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Tom Joiner
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I am writing a class like this:


Now I don't want ONE to be adjustable, I want it to be immutable, but only this one instance of the class. What is the best way to do this?

Here are some ideas..

Make an anonymous inner class, like this:


Another idea would be to put a test in the setValue like this:


What is the correct way to do this?
 
Jim Yingst
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I think the preferred solution, for me, would be Don't Do This. Just make the class immutable. Of course I don't know all the details of what you're planning to do here, but my gut feeling is there's no reason a RumanNumeral would need to be mutable. And in this way you'll avoid a number of complications.

Now if for some reason you really do need both mutable and immutable versions of this class, I would want to identify them as different types. The immutable instance should not have a set() method, because that will just confuse other developers. Maybe you could make RomanNumeral an interface, with no set method, and then make MutableRomanNumeral an implementation of the interface which adds the set() method. Then ONE could be another implementation, either an ImmutableRomanNumeral class or an anonymous implementation of RomanNumeral. The key is that anyone who has a reference to ONE should not even think it has a set() method.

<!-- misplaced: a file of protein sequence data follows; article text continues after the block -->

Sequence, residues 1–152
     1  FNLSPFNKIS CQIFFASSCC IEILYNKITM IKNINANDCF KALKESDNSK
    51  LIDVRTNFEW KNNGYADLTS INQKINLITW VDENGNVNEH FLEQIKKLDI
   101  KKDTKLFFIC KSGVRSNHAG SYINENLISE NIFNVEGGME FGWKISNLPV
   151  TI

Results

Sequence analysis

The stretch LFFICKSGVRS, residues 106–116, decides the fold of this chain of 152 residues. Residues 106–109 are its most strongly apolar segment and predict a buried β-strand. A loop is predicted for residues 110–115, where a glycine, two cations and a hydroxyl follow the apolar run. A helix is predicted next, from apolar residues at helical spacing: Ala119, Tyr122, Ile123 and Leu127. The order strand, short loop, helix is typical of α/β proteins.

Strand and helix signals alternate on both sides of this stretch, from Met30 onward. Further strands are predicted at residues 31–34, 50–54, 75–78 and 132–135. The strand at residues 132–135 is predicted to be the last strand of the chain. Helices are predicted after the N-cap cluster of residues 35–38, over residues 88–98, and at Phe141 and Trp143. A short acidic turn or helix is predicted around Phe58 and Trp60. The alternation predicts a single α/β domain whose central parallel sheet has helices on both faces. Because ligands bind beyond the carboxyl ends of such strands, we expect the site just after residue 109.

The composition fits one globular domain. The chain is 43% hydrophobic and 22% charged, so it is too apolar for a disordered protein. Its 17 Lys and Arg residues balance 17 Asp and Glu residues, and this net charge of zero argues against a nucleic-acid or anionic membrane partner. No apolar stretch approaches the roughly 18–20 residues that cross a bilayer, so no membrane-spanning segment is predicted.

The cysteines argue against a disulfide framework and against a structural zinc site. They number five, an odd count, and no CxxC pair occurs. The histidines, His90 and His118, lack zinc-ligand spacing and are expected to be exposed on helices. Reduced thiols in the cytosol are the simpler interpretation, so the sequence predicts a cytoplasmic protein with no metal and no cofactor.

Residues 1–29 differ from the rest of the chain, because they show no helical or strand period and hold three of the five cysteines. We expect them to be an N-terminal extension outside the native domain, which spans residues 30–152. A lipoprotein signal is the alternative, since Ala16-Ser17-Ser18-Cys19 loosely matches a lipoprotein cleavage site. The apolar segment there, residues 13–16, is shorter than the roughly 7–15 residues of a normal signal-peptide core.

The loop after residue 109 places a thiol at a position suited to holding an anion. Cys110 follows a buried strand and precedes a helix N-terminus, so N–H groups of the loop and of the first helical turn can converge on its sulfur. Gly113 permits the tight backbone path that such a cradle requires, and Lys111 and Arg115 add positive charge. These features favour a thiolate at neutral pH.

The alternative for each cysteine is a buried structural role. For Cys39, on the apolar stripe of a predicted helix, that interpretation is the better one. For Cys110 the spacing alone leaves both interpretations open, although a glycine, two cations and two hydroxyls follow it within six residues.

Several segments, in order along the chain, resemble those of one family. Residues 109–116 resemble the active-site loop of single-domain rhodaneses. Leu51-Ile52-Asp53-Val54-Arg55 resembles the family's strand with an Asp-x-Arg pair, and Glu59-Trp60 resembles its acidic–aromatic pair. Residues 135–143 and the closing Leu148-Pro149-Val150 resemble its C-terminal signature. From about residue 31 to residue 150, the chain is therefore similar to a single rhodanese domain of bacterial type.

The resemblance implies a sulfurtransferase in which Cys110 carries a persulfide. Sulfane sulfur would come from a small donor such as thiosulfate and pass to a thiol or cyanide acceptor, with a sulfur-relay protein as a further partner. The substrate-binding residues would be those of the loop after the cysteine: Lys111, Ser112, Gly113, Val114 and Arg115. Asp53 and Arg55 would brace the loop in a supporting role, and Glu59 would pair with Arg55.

Another option might be to implement ONE with an anonymous class that overrides set() to throw an UnsupportedOperationException. I don't like this much, but it at least seems better than doing nothing in response to set(). If anyone is calling set() on ONE, they shouldn't, and I think it's much better to thor an exception that will make the problem obvious, than to just ignore the call without telling anyone. The latter just makes it harder to find the problem. But again, I'd prefer the solutions in the first or second paragraphs to this one.
 
Pravin Jain
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I would go with your first option. ie. use the inner class as a special case
for ONE, since you still want to allow mutability for other instances.
 
gaurav abbi
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i think throwing the exception is a better option than doing nothing, because it will convey atleast some kind of information than doing nothing..
i will go for that option...
 
Raghavan Muthu
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Hi,

Perhaps going through this thread will help you a little further!

At the same, please don't forget to look at this simple but excellent article which speaks about the Mutable Vs Immutable aspects of the class and how to achieve the same!
 
It is sorta covered in the JavaRanch Style Guide.
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